Slave fishing lawsuits against pet foods dismissed

The lawsuits against Nestle Purina, Mars Petcare and Big Heart Pet Brands (J.M. Smucker) arose after reports documented the lives of Southeast Asian men enslaved on Thai fishing vessels.

Tim Wall Headshot Small Headshot
A demonstration boat to promote human rights of workers in the Thai fishing industry, renovated by Nestlé and Thai Union, in Thailand’s Trat Province, December 2017. Photo courtesy: Thai Union
A demonstration boat to promote human rights of workers in the Thai fishing industry, renovated by Nestlé and Thai Union, in Thailand’s Trat Province, December 2017.
Photo courtesy: Thai Union

A panel of three Ninth Circuit United States Court of Appeals judges dismissed class action lawsuits against pet food companies over alleged use of fish caught by forced laborers, reported Courthouse News Service in July. The lawsuits against Nestle Purina, Mars Petcare and Big Heart Pet Brands (J.M. Smucker) arose after reports by the Associated Press and New York Times documented the lives of Southeast Asian men enslaved on Thai fishing vessels. The judges cited a 2006 decision by a California appeals court, Daugherty versus America Honda Motor Co. In that case, the legal conclusion held that the carmaker did not need to disclose product defects that occurred outside the warranty period.

Purina’s response to forced labor in Thai fish supply

In the Purina case, four consumers of Fancy Feast cat food sued Nestle Purina over claims that the food contains fish from a Thai supplier that uses slave labor. The lawsuit was dismissed in December 2015, but the plaintiffs appealed the decision.

In November 2015, an internal investigation by Nestle found that migrant workers in Thailand are sold or lured under false pretenses and forced to catch and process fish that ends up in its supply chains.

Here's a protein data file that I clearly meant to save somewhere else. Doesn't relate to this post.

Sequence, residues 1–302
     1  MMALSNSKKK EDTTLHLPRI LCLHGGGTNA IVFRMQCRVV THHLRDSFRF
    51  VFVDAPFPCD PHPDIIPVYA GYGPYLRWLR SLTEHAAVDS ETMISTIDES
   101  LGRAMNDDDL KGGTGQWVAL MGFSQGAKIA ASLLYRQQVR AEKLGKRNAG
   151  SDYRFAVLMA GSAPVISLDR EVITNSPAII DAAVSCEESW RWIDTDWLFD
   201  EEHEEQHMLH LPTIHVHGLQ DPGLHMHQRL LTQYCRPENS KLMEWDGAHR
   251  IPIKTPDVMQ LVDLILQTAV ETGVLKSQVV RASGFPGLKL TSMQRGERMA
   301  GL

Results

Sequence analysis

In December 2017, Nestle and Thai Union Group sponsored the launch of a demonstration vessels to promote human rights and humane working conditions on Thai fishing vessels. Regularly scheduled viewings and training workshops will demonstrate to boat owners and crew how to improve the working standards for fishers at sea, according to a press release. The renovated boat demonstrates the standards set for boats greater than 24 meters by the International Labor Organisation’s (ILO) C188 convention for human rights at sea, as well as Thailand’s updated fisheries regulations.

‚ÄúUnfortunately, no company sourcing seafood ingredients from Thailand can guarantee that it has completely removed forced labor practices or human rights abuses from its supply chain, due to the widespread nature of these issues,‚ÄĚ says a statement on Nestle‚Äôs website. ‚ÄúNonetheless, Nestl√© launched an Action Plan in 2015 to tackle unacceptable practices, and we are now confident that seafood products from problematic Thai fishing vessels is not entering our supply chain.‚ÄĚ

Lawsuits alleged slave fishermen in pet food supply chains

J.M. Smucker’s Big Heart Pet Brands also faced a lawsuit. In that suit, the plaintiff Jessica Hughes alleged that Big Heart Pet Brands imported fish-based pet food ingredients from suppliers who use slave labor and should therefore warn customers of this on its labels. The U.S. Bureau of International Labor Affairs recognizes that fish and shrimp products exported from Thailand may be the result of forced labor.

Mars Petcare also faced a lawsuit over fish and shrimp products allegedly produced using slave labor. The plaintiff’s lawyers argued that Smucker was legally obliged to state on pet food packaging that the ingredient supply chain may involve slavery.

Page 1 of 555
Next Page